You create model and print its summary using the following statements:

    model = createModel()
    model.summary()

Here is the model summary:
model summary

The model has almost 1.1 million trainable parameters.

Print the model plot for visualization.

    tf.keras.utils.plot_model(model)

The plot is shown here:
plot

Model Compiling

You compile the model by calling its compile method:

    model.compile(optimizer='adam', loss='categorical_crossentropy', metrics=['accuracy'])

We used adam optimizer and categorical crossentropy for the loss function.

Model Training

You train the model by calling its fit method.

    history = model.fit(
    x=train_generator,
    epochs=25,
    )

The model is trained for 25 epochs, which is usually not sufficient training for producing good results. It took me about 27 seconds for each epoch on a GPU.

Testing the Model on the Test Data

Prepare the test data in the same way as you did for the train data, except for the image augmentation.

    test_img = []
    test_exp = []
    for expression in os.listdir("/content/test/"):
      train_ids = next(os.walk("/content/test/" + expression+'/'))[2]
      for n, id_ in tqdm(enumerate(train_ids), total=len(train_ids)): 
        path = "/content/test/" + expression+'/' + id_+''
        img = imread(path)
        img = gray2rgb(rgb2gray(img))
        img = rgb2lab(img)[:,:,0]
        test_img.append(img)
        test_exp.append(expression)
    
    test_img = np.asarray(test_img)
    test_exp = np.asarray(test_exp)
    test_img = test_img.reshape(test_img.shape+(1,))

Here , we save each image in the test_img list and the corresponding expression in the test_exp list.

Inference

We infer the model using the above prepared test dataset.

    y_pred = model.predict(test_img)

The result stored in the y_pred is in the form of the probabilities of the different classes. We need to select the class with the maximum probability and map our expression to it. This is done in the following code:

    pred_class = []
    for i in  range (len(y_pred)):
      pr = y_pred[i].argmax()
      pred_class.append(pr)
    
    emotion = {0:'angry', 1:'disgust', 2:'fear', 3:'happy',
               4:'neutral', 5:'sad', 6:'surprise'}
    pred_emo = []
      for i in  range(len(pred_class)):
      pred_emo.append(emotion[pred_class[i]])

We will print the prediction results in a bar plot that shows the real and the predicted values side by side for each category.

    label = ['angry','disgust','fear','happy','neutral', 'sad','surprise']
    test_class = [0,0,0,0,0,0,0]
    for i in  range (len(test_exp)):
      if test_exp[i]=='angry':
        test_class[0] = test_class[0]+1
      if test_exp[i]=='disgust':
        test_class[1] = test_class[1]+1
      if test_exp[i]=='fear':
        test_class[2] = test_class[2]+1
      if test_exp[i]=='happy':
        test_class[3] = test_class[3]+1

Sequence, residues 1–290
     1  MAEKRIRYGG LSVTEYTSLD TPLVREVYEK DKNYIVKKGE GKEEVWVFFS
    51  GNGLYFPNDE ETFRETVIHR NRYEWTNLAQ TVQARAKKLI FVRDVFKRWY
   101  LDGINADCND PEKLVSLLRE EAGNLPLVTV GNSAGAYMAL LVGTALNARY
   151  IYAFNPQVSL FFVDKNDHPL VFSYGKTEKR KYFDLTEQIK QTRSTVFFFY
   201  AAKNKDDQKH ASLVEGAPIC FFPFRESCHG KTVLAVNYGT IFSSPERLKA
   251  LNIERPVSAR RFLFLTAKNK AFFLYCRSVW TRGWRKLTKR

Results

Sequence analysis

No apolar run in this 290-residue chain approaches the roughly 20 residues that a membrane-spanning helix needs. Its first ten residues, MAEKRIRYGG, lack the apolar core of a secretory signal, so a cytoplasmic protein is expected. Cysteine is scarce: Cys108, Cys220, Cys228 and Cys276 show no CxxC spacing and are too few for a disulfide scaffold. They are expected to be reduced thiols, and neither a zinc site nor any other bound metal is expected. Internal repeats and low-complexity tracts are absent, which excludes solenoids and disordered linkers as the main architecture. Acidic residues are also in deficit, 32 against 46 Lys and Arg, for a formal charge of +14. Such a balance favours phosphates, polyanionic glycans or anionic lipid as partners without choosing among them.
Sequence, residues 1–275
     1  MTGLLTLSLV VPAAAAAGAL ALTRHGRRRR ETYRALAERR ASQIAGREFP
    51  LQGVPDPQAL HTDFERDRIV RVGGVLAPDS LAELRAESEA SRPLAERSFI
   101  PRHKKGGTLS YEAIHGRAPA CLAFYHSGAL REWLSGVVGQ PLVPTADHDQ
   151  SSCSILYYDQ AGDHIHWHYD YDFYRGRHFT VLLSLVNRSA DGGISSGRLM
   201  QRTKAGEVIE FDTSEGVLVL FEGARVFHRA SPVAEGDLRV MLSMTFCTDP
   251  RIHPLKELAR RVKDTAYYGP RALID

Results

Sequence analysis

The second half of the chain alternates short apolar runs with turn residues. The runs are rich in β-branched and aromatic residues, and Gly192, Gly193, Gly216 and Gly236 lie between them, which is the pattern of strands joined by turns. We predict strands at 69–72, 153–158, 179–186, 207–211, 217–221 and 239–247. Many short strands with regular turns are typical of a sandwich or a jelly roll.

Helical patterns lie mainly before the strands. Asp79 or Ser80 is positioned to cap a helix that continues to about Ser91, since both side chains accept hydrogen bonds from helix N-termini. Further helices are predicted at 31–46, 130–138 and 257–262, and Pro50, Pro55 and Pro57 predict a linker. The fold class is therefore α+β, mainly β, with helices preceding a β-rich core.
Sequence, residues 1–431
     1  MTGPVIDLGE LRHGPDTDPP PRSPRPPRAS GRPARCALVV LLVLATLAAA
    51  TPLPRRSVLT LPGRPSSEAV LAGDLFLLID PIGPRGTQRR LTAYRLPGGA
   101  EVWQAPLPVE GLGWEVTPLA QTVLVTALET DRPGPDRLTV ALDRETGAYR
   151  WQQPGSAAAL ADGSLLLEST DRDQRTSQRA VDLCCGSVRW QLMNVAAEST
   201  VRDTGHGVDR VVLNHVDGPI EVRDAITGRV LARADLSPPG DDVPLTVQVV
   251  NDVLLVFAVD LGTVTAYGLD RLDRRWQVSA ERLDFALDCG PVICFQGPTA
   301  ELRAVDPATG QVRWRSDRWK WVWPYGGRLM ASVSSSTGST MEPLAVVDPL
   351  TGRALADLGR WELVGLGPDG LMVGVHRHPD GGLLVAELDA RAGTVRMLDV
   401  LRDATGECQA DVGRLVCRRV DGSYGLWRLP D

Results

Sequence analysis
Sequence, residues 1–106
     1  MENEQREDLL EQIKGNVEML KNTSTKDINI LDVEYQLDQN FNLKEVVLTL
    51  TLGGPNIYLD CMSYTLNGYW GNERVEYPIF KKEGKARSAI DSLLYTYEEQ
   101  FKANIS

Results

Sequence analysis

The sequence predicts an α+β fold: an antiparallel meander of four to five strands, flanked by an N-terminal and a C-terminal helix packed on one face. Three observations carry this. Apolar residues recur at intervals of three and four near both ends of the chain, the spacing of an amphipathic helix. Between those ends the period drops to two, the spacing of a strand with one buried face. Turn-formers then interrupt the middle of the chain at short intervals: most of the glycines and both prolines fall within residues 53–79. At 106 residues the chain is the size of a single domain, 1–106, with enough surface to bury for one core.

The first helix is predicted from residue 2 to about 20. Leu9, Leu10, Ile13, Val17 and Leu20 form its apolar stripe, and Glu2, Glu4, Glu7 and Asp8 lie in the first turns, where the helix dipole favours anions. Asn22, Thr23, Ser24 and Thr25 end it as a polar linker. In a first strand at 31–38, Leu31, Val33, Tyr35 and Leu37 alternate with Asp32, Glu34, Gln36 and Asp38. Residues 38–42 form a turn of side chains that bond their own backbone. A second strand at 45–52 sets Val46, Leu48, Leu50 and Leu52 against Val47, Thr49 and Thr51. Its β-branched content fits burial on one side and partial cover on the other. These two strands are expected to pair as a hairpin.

if test_exp[i]=='neutral':
        test_class[4] = test_class[4]+1
      if test_exp[i]=='sad':
        test_class[5] = test_class[5]+1
      if test_exp[i]=='surprise':
        test_class[6] = test_class[6]+1
    test_class

    pred_class = [0,0,0,0,0,0,0]
    for i in  range (len(pred_emo)):
      if pred_emo[i]=='angry':
        pred_class[0] = pred_class[0]+1
      if pred_emo[i]=='disgust':
        pred_class[1] = pred_class[1]+1
      if pred_emo[i]=='fear':
        pred_class[2] = pred_class[2]+1
      if pred_emo[i]=='happy':
        pred_class[3] = pred_class[3]+1
      if pred_emo[i]=='neutral':
        pred_class[4] = pred_class[4]+1
      if pred_emo[i]=='sad':
        pred_class[5] = pred_class[5]+1
      if pred_emo[i]=='surprise':
        pred_class[6] = pred_class[6]+1
    pred_class

    x = np.arange(len(label)) # the label locations
    width = 0.35  # the width of the bars
    
    fig, ax = plt.subplots()
    rects1 = ax.bar(x - width/2, pred_class, width, label='Predicted')
    rects2 = ax.bar(x + width/2, test_class, width, label='Original')
    ax.set_ylabel('Value')
    ax.set_xticks(x)
    ax.set_xticklabels(label)
    ax.legend()

The output is shown here:
chart

You may try for more number of training epochs or play around with the model’s hyperparameters to improve performance.

Testing on Unseen Images

As a last exercise in this we are going to predict the model on some unseen images picked up from the web. Download the images using following code:

    !wget = 'https://raw.githubusercontent.com/abcom-mltutorials/emotionsdetector/master/emotion1.jpg'
    !wget = 'https://raw.githubusercontent.com/abcom-mltutorials/emotionsdetector/master/emotion2.jpg'
    !wget = 'https://raw.githubusercontent.com/abcom-mltutorials/emotionsdetector/master/emotion3.jpg'
    !wget = 'https://raw.githubusercontent.com/abcom-mltutorials/emotionsdetector/master/emotion4.jpg'
    !wget = 'https://raw.githubusercontent.com/abcom-mltutorials/emotionsdetector/master/emotion5.jpg'

The images must undergo the same preprocessing as we did for test images, before we ask the model to infer on those.

    l=['emotion1.jpg','emotion2.jpg','emotion3.jpg','emotion4.jpg','emotion5.jpg']
    exp = []
    for i in l:
      img = imread(i)
      img = resize(img, (48, 48), mode='constant', preserve_range=True)
      img = gray2rgb(rgb2gray(img))
      img = rgb2lab(img)[:,:,0]
      img = img.reshape((1,)+img.shape+(1,))
      result = model.predict(img)
      exp.append(emotion[result.argmax()])

Finally, we display the prediction result using following code:

    fig = plt.figure(figsize=(12,12))
    ax1 = fig.add_subplot(1,5,1)
    ax1.set_title(exp[0])
    im = imread(f1)
    ax1.imshow(im,cmap="gray")
    ax1.axis('off')
    ax2 = fig.add_subplot(1,5,2)
    im = imread(f2)
    ax2.imshow(im)
    ax2.set_title(exp[1])
    ax2.axis('off')
    ax3 = fig.add_subplot(1,5,3)
    im = imread(f3)
    ax3.imshow(im)
    ax3.set_title(exp[2])
    ax3.axis('off')
    ax4 = fig.add_subplot(1,5,4)
    im = imread(f4)
    ax4.imshow(im)
    ax4.set_title(exp[2])
    ax4.axis('off')
    ax5 = fig.add_subplot(1,5,5)
    im = imread(f5)
    ax5.imshow(im)
    ax5.set_title(exp[2])
    ax5.axis('off')

Output:

output

Summary

In this text you studied the usage of keras model for prediction the Facial expression from the image.You implemented a deep neural network model for Facial expression Recognition. To improve the quality of prediction you also used some inbuilt preprocessing methods.
Hope you enjoyed the course.

Download project source from our repository.

image